On 26th April, 1917 the 6th Battalion's Commanding Officer, Lt. Col. Booth, wrote the following report about the action which had taken place on the 23rd. It was attached as an appendix to the battalion's war diary. Although written in a precise and straightforward style, the intensity and confusuion of the fighting comes starkly through

The account reads:

1/6 BATTALION. THE BLACK WATCH

Narrative of events during the engagement of 23rd April, 1917

At 4.45 a.m. the attack began and at 5.30 a.m. the companies were ready to move off. At 5.45 a.m. (i.e. Zero plus 1 hour) the 6th Black Watch advanced in Artillery formation, each Company having 2 lines of half platoons: "C" & "B" Coys. leading, followed by "A" & "D" Coys., "C" & "A" being on the right and "B" & "D" on the left respectively and the Battalion as a whole advancing towards its objective, in touch within the 6th Gordon Highlanders, who were advancing in similar formation on our Right.
At 6.20 a.m. Battalion H.Q. moved forward to junction of sunken road and HUMID Trench when a message was received from 2/Lieut. Butler, Commanding "D" Coy., to say to say that the advance was held up by M.G. fire in the old British Assembly Trenches opposite the GAVRELLE Road.
At 6.50 a.m. 2/Lieut. MENZIES, the Battn. Intelligence Officer, was sent forward by me to ascertain the situation.
At 7.30 a.m. the position of Advanced Battle H.Q. in the sunken road became quite impossible owing to the extreme severity of the 8 inch and 5.9 barrage on that line, and H.Q. moved back to their original position in H.16.b.7.9., reporting the fact together with all information received, to the Brigadier
At 8.00 a.m. 2/Lieut. BLACKMORE, L.G. Officer, was sent by me to Left flank, together with 2 scouts to report on the situation.
At 9.40 a.m. 2/Lieut. MENZIES returned with the information that our Battalion were preparing to push forward in small parties by short rushes from our left, where touch had been established with the 37th Division
At about the same hour, 2/Lieut. BLACKMORE returned with the information that "D" & "B" Coys. were now merged in one line close up to the road (GAVRELLE Road).
At 10.05 a.m. As no report had come from the right flank, I sent 2 orderlies with a message to Capt. GUTHRIE, commanding "C" Coy., for information as to his exact position.
At 10.30 a.m. A wounded Sergeant - Sergt. A. Brown - came to Battn. H.Q. to report that "D" & "B" Coys. , were up to the GAVRELLE Road when he was hit, and at
10.35 a.m. a runner who had lost his way, returned with a message written by Capt. GUTHRIE, "C" Coy. at 8.30 a.m., stating that he was then in the BLACK LINE.
At 11.15 a.m. I sent my Adjutant, Lieut. J. RUTHERFORD and 2/Lieut. MENZIES to get exact information as to the position of each Coy., and shortly after their departure a message came from "D" Coy, now under 2/Lieut. CAMPBELL, to say that 2/Lieut. BUTLER, the "D" Coy. Commander was killed and that the remainder of "D" Coy., about 40 men, were holding the line of the road about I.7.c.7.5., but that further advance was not possible owing to snipers from the forward slopes of GREENLAND HILL and also from M.G.s in the same locality, and from the CHEMICAL WORKS.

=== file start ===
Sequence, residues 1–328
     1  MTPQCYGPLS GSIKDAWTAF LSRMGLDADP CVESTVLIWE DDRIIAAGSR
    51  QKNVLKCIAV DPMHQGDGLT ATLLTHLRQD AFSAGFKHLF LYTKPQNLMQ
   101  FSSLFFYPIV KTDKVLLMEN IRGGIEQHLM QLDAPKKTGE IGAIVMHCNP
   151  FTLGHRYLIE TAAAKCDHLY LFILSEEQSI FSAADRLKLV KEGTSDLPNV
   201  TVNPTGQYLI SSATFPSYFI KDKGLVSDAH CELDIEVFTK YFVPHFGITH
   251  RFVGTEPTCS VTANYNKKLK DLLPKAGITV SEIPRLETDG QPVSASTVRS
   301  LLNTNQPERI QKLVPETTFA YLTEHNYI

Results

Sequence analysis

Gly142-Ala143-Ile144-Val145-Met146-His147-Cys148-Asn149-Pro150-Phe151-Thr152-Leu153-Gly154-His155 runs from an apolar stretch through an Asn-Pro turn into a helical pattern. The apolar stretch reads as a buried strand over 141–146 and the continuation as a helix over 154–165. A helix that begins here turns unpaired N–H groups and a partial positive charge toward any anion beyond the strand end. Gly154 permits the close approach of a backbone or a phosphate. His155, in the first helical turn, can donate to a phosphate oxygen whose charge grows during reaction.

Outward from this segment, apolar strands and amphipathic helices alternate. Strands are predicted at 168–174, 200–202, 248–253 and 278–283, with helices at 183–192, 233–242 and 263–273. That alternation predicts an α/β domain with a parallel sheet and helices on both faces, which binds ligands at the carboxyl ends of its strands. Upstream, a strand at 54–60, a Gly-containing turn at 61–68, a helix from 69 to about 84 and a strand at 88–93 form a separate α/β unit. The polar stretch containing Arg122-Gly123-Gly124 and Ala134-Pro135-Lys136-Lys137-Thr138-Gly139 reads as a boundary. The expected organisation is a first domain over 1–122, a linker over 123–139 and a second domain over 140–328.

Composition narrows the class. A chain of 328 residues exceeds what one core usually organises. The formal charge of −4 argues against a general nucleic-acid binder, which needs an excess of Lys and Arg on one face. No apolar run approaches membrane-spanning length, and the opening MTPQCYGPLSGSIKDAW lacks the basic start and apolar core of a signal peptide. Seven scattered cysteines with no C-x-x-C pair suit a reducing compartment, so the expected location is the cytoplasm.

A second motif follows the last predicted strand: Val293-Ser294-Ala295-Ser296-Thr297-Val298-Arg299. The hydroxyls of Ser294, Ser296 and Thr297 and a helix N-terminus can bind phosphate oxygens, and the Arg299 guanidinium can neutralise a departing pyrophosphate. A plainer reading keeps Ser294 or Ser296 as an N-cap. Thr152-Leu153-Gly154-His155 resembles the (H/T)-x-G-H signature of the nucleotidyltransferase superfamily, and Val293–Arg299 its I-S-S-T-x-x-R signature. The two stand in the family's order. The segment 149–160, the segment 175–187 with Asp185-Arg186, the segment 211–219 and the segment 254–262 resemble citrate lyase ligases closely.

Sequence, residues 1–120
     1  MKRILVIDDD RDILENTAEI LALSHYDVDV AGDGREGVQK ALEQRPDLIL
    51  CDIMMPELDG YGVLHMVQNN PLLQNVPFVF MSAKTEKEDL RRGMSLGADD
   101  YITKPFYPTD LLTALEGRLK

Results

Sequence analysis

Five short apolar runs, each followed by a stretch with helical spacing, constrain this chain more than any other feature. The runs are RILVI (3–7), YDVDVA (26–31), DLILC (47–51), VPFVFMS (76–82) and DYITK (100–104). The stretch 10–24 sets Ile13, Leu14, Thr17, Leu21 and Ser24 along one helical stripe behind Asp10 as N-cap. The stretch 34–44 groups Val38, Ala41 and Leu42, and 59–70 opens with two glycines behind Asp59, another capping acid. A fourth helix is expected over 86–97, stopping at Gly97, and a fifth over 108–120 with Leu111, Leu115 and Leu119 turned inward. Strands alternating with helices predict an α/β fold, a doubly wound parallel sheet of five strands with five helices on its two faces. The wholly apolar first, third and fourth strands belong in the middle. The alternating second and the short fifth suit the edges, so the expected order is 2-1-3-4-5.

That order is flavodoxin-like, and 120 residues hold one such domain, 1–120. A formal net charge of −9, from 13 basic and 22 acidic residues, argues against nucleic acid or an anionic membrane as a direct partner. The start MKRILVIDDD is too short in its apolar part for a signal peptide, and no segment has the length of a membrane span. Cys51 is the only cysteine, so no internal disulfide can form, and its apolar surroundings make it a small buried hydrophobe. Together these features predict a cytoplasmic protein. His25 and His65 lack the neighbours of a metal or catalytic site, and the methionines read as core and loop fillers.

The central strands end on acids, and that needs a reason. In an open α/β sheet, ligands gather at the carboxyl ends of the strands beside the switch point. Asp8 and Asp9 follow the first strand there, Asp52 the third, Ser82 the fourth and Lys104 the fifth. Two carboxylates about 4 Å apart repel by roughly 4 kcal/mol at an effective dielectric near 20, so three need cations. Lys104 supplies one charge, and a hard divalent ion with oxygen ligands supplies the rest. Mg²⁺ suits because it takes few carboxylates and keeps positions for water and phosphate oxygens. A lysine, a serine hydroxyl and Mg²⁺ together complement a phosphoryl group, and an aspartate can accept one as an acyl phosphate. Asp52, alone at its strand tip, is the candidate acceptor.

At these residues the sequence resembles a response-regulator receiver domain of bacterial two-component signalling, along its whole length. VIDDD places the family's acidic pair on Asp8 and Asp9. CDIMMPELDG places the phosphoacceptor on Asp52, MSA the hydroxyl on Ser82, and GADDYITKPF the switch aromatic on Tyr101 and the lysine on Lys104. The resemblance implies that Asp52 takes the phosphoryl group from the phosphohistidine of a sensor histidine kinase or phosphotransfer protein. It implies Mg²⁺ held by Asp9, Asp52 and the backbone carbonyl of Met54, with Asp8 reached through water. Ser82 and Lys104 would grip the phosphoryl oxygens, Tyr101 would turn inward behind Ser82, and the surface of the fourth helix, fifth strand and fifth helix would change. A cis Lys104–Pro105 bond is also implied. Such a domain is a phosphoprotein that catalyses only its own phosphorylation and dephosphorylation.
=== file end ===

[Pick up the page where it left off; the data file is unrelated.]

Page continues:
Between 3 and 4 p.m. the Germans could be seen forming up in lines of Platoons for counter attack on our positions on and in advance of the GAVRELLE Road, but although they attempted to advance on 3 distinct and separate occasions, their efforts broke down under artillery fire and also the fire of our Lewis Guns from the line of the GAVRELLE Road.
These counter attacks never looked like succeeding, and were very half hearted
We gradually got [in] touch with all 4 Companies on the line of the road and at 4 p.m. 2/Lieut. MENZIES and Lieut. RUTHERFORD returned having established the positions of the Companies on and about the road.
The situation, as it became known, was at once reported to Brigade H.Q. It was now known that 2/Lieutenant BUTLER, Commanding "D" Coy. and 2/Lieut. MACBETH (Commanding "A" Coy.) and 2/Lieut. GARVIE were killed and 2/Lieut. CONDER, commanding "B" Coy., wounded.
The situation continued the same until 7 p.m. when I received orders verbally and personally from the Brigade Commander to reform the 6th Black Watch in the old German front line, and to endeavour to reform the 6th Gordon Highlanders on the same alignment. I ordered Capt. GUTHRIE, the senior officer on the spot, to do this and he reported that this had been done, to me at 1.30 a.m. on 24th April.
24/4/17 The Battalion remained in this position until ordered to withdraw to the PUDDING Trench, which was carried out by driblets, and without further casualties, by 3 p.m. Orders for the Battn. to move to billets at ARRAS, were received at 9.30 p.m. 24th April, and the whole Battalion arrived there by midnight.

CASUALTIES (As far as at present verified).

Killed Wounded Missing
OFFICERS 4 3 1
O. RANKS 25 123 48

26/4/17
T. M. Booth. Lt. Col.
Commanding, 6th Black Watch


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